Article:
Edited By Piers Bowlan on 24/11/2018 08:15:07

I've built my Gangster 'Lite' as i/c powered, with an ASP.61 four stroke (same size & weight as the .52).

Apart from the suggested c of g being VERY conservative, it flies nicely.

As Piers said, I beefed up the undercarriage mountings in the wing as they looked like an accident waiting to happen without.

Kim

Piers Bowlan24/11/2018 11:51:50
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1825 forum posts
44 photos

When I used to instruct on C152's back in the mid 1980s I would oft tell my students (when necessary) that the main wheels are for landing on and the little nose wheel just for taxying! If you land a little fast and 'flat' in a tailwheel aeroplane you just tend to wheel it on or alternatively bounce back into the air again! With a nose wheel aircraft, as the mains are behind the c of g, all the weight is transferred onto the poor nose wheel as the aircraft decelerates, - unless plenty of back pressure is maintained on the elevator during the landing roll. Failure to do that really punishes the nose wheel and whatever it is attached to. In the case of the C152, that was the engine mount, which was very expensive to fix when broken and they did occasionally get broken. Hence we would emphasise the importance of maintaining the back pressure during the landing roll and for take-off as well, to offload the nose wheel.

This is why on a model aircraft the nose leg needs to be securely attached onto the engine bulkhead using some heavier gauge wire if that is what you are using. However, I would add that a single coil of the wire leg at it's top, to facilitate a small amount of rearward give, is desirable but definitely not any lateral wobble. Alternatively stick to tail draggers to keep things simple. As they say, if it is not fitted it cannot break!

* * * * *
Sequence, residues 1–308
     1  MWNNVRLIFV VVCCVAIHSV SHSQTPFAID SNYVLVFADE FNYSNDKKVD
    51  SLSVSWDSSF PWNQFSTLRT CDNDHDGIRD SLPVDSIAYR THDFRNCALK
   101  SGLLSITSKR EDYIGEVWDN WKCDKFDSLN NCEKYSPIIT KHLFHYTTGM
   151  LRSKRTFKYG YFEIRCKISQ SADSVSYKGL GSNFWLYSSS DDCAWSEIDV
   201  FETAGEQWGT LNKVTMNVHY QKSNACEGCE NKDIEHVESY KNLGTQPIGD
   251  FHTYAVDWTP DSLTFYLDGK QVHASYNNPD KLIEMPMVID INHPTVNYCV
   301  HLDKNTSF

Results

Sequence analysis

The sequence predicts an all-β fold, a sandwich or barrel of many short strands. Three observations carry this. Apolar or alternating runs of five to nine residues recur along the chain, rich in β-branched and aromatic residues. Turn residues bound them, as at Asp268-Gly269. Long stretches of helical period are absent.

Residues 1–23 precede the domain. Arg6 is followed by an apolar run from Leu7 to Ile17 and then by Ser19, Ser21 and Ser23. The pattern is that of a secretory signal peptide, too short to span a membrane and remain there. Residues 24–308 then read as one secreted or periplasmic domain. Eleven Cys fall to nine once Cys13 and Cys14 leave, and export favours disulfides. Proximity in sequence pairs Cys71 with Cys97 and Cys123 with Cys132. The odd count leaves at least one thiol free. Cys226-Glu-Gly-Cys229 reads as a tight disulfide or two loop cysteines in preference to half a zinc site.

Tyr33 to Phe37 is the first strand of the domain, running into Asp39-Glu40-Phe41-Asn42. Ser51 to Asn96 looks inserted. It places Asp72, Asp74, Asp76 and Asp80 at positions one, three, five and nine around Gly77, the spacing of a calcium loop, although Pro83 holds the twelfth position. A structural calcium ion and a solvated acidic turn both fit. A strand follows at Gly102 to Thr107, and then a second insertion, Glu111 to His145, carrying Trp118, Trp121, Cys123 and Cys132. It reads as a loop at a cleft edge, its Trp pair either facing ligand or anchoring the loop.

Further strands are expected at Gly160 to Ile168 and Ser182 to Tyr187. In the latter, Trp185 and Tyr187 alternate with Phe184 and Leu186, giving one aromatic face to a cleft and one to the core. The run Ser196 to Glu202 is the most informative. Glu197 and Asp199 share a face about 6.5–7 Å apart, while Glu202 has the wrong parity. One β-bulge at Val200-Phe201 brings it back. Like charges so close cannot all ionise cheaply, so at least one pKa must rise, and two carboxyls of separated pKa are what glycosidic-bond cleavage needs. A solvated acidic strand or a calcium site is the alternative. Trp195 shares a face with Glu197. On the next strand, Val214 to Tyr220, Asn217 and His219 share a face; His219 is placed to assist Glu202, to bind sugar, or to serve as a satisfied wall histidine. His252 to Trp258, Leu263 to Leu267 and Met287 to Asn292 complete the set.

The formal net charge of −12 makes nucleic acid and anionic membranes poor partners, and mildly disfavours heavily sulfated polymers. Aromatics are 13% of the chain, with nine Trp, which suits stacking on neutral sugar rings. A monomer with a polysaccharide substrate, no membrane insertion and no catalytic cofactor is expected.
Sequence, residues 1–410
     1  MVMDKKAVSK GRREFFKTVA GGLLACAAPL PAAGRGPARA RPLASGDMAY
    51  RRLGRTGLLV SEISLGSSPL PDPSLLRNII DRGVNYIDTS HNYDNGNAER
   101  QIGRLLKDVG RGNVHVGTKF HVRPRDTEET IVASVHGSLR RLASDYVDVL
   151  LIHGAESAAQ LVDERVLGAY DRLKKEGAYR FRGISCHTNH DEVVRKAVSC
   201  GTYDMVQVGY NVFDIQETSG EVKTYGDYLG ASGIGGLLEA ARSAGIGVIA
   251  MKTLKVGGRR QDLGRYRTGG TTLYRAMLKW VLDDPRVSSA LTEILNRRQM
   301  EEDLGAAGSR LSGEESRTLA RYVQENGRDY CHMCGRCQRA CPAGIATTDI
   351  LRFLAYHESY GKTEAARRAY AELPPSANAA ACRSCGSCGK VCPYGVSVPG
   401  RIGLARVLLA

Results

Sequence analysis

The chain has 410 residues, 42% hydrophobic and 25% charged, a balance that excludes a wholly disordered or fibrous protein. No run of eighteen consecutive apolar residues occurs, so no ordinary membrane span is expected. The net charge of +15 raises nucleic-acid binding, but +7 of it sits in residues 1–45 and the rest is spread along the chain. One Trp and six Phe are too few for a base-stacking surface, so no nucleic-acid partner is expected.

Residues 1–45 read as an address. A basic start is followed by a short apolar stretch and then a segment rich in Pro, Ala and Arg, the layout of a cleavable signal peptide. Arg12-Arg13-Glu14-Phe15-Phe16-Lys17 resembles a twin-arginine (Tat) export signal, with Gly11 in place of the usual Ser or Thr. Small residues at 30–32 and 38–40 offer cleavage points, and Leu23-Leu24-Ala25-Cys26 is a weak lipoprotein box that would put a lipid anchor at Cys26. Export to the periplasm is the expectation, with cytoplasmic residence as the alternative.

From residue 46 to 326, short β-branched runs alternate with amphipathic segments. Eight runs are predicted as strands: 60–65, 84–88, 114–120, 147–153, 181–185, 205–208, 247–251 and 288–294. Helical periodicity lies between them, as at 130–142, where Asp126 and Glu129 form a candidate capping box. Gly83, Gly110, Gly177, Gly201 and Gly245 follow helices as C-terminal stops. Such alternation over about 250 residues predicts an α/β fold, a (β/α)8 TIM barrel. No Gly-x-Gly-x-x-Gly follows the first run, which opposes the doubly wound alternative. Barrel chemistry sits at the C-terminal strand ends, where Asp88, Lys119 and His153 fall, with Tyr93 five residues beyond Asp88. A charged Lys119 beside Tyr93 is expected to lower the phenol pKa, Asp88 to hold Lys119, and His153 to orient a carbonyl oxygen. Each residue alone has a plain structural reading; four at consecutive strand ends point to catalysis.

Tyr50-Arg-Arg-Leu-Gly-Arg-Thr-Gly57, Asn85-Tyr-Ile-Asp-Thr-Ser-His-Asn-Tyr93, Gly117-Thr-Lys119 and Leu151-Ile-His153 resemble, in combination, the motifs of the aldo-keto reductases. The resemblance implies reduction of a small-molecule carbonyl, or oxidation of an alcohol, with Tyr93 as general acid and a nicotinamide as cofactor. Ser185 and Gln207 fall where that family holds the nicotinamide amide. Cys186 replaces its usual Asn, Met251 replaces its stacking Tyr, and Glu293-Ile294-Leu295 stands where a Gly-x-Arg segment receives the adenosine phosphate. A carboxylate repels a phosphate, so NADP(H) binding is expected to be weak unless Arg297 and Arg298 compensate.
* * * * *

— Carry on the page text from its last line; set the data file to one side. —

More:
Dave Hess24/11/2018 11:59:10
301 forum posts
18 photos

I'm intrigued as to why anyone would want to change. Are you trying to solve a problem or is it just curiosity?

Piers Bowlan24/11/2018 13:36:58
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1825 forum posts
44 photos

Perhaps he is interested in a scale or semi-scale subject that has a nose wheel. Plenty to choose from.

Denis Watkins24/11/2018 13:55:10
3803 forum posts
52 photos
Posted by Dave Hess on 24/11/2018 11:59:10:

I'm intrigued as to why anyone would want to change. Are you trying to solve a problem or is it just curiosity?

Ah but you can fly Dave

For a novice, there is no need to control the tail lifting, on a trike

And the wing is at a better angle to fly, just by running along

Both trike and taildragger have their supporters

Steve J24/11/2018 14:45:41
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1369 forum posts
41 photos

The Kyosho Calmato Sports is a nice confidence building trike.

Steve

Dave Hess24/11/2018 15:06:20
301 forum posts
18 photos
Posted by Denis Watkins on 24/11/2018 13:55:10:
Posted by Dave Hess on 24/11/2018 11:59:10:

I'm intrigued as to why anyone would want to change. Are you trying to solve a problem or is it just curiosity?

Ah but you can fly Dave

For a novice, there is no need to control the tail lifting, on a trike

And the wing is at a better angle to fly, just by running along

Both trike and taildragger have their supporters

I'm pretty sure that I've seen a lot more novices crash on take-off with tricycle undercarriage than tail-dragger. Normally, it's a sort of wing-over and nose plant as they pull up elevator to get clear of the ground. I would have thought that tricycle is better for experienced pilots. Personally, I don't feel so much in control with tricycle, but that's just me - probaly because that's what I learnt on.

We can speculate all day why he wants to try it, but I'd like to know the actual reason.

Neil6724/11/2018 15:35:40
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186 forum posts
3 photos